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M Horsey, P Hogan, and T Oliver

-year-old Caucasian female was seen in our Emergency Department with a chief complaint of progressive right leg pain, edema and erythema over the course of 1week ( Fig. 1 ). Her past medical history was significant for hypothyroidism, a DVT in the right

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Jingjing Jiang, Mei Zhang, Ronghua He, Meiping Shen, and Wei Liu

palpable in the left anterior neck, elastic and smooth was identified. She had erythema on her face and both hands. Velcro rales were heard at both lower lobes of the lungs. There was slight edema on both legs. Investigation Initial laboratory tests

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Daphne Yau, Maria Salomon-Estebanez, Amish Chinoy, John Grainger, Ross J Craigie, Raja Padidela, Mars Skae, Mark J Dunne, Philip G Murray, and Indraneel Banerjee

episodes of sepsis secondary to central line infections, necrolytic migratory erythema from glucagon infusion and raised transaminases from octreotide. Pancreatectomy was performed at 3 months of age due to refractoriness to medical therapy but

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Arshiya Tabasum, Ishrat Khan, Peter Taylor, Gautam Das, and Onyebuchi E Okosieme

goiter. Her visual acuity was 5/6 in both the eyes. She had fullness of her eyelids on the right side with erythema below the right inferior orbital rim. She had right eye proptosis and diplopia on vertical gaze but with no lid lag or retraction. Her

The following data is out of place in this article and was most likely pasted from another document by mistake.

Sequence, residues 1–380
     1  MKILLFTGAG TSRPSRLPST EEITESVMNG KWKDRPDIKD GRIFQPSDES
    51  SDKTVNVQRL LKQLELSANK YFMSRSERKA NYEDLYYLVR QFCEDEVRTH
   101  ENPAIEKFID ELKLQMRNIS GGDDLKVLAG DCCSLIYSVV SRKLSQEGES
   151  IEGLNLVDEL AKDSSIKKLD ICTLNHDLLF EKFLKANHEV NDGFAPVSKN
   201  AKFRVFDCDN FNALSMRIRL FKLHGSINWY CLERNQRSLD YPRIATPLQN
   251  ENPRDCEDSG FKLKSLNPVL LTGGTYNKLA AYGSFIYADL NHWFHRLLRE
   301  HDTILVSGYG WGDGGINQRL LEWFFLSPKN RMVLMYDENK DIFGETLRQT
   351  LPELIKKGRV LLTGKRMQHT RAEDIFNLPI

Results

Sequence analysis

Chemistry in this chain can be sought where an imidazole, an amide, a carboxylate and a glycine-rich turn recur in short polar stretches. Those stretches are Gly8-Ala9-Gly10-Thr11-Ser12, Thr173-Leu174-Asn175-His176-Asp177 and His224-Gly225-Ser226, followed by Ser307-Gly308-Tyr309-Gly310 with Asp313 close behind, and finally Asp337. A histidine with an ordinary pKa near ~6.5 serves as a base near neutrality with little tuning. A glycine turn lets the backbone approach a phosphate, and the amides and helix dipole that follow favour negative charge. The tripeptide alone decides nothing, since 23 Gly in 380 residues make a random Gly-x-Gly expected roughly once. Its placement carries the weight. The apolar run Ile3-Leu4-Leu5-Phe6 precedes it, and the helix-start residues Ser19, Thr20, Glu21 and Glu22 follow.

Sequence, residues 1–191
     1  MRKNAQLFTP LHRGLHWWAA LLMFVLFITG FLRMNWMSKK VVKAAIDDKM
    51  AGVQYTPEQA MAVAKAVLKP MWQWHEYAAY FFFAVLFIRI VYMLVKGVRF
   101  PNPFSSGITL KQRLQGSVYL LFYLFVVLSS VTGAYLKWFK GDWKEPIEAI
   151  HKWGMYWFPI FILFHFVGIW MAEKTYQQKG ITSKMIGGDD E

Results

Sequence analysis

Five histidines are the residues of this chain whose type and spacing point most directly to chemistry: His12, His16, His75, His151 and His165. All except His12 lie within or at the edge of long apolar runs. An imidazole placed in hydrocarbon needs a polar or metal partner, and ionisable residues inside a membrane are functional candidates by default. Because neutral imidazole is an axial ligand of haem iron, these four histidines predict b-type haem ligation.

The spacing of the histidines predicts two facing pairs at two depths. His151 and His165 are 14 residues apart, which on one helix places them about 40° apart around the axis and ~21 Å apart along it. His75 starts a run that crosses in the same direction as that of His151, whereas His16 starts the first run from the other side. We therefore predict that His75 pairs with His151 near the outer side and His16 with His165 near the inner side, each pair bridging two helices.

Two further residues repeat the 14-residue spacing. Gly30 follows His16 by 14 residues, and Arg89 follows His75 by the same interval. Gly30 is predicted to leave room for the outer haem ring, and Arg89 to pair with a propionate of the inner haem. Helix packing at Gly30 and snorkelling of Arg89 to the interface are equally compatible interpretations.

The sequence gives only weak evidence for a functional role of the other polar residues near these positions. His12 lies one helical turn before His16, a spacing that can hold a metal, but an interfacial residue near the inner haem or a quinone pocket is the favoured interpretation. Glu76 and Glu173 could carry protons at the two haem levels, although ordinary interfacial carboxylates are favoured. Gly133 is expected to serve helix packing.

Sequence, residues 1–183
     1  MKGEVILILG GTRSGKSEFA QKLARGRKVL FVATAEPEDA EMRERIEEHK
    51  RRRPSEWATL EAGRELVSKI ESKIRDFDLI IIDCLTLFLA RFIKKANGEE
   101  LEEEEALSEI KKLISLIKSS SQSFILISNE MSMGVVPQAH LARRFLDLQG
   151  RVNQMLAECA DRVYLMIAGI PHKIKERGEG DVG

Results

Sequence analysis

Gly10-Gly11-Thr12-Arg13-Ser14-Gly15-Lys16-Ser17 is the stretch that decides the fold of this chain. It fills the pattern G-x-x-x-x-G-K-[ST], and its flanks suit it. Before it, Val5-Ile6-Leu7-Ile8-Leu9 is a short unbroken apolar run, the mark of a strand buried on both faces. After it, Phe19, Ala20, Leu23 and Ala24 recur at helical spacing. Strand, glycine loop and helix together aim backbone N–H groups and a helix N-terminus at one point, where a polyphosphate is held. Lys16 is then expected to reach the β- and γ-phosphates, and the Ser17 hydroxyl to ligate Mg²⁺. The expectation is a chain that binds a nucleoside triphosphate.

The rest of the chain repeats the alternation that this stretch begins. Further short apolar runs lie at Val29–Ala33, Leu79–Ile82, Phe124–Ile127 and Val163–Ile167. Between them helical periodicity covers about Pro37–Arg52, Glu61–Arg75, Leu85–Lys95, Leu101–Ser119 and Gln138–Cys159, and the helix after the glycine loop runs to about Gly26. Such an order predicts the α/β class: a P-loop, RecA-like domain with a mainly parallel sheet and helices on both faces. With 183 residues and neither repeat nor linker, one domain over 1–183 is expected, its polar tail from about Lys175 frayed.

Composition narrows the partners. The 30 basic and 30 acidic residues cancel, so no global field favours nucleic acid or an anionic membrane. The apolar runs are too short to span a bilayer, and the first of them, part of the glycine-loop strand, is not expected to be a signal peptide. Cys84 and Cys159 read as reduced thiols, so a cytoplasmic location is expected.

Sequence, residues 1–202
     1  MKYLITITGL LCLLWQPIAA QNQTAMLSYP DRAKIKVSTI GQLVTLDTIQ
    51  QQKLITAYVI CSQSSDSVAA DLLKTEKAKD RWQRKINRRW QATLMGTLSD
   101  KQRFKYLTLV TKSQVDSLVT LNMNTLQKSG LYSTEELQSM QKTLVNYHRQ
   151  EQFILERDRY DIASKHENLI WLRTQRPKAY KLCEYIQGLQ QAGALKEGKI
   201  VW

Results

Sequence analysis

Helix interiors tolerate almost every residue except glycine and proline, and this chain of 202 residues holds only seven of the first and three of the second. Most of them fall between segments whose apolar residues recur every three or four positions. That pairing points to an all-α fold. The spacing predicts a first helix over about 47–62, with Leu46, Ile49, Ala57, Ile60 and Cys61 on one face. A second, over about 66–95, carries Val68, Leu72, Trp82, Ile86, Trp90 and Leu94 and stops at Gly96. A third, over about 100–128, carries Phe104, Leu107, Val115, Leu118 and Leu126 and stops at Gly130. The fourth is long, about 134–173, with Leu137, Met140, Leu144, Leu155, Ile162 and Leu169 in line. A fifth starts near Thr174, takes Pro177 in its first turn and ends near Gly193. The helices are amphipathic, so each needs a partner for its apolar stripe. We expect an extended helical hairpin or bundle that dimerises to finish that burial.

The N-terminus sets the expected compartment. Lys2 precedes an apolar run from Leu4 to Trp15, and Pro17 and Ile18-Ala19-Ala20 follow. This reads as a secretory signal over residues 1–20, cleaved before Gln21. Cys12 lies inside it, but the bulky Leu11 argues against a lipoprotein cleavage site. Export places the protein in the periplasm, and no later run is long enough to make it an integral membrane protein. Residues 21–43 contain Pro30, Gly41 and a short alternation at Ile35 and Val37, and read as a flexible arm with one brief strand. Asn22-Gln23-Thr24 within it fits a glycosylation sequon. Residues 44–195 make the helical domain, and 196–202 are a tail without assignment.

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Anna Luiza Galeazzi Rech, Yvon Stüve, Andreas Toepfer, and Katrin E Schimke

to the MTP fifth joint on the right did not show adequate progress. However, the patient was not disturbed by this at all. He was complaining about severe pain in his left foot, strongly affecting his mobility. Other than mild erythema, moderate

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Aishah Ekhzaimy, Afshan Masood, Seham Alzahrani, Waleed Al-Ghamdi, Daad Alotaibi, and Muhammad Mujammami

physical examination revealed the presence of an extensive facial rash not sparing the nasal folds. He also had periorbital erythema with edema (heliotrope rash), erythematous papular lesions on the knuckles (Gottron papules), and decreased muscle tone in

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Yael Lefkovits and Amanda Adler

Summary

Necrobiosis lipoidica diabeticorum (NLD) is a chronic granulomatous dermatitis generally involving the anterior aspect of the shin, that arises in 0.3–1.2% of patients with diabetes mellitus (). The lesions are often yellow or brown with telangiectatic plaque, a central area of atrophy and raised violaceous borders (). Similar to other conditions with a high risk of scarring including burns, stasis ulcers and lupus vulgaris, NLD provides a favourable environment for squamous cell carcinoma (SCC) formation (). A number of cases of SCC from NLD have been recorded (, , ); however, our search of the literature failed to identify any cases of either metastatic or fatal SCC which developed within an area of NLD. This article describes a patient with established type 1 diabetes mellitus who died from SCC which developed from an area of NLD present for over 10 years. Currently, there are a paucity of recommendations in the medical literature for screening people with NLD for the early diagnosis of SCC. We believe that clinicians should regard non-healing ulcers in the setting of NLD with a high index of clinical suspicion for SCC, and an early biopsy of such lesions should be recommended.

Learning points: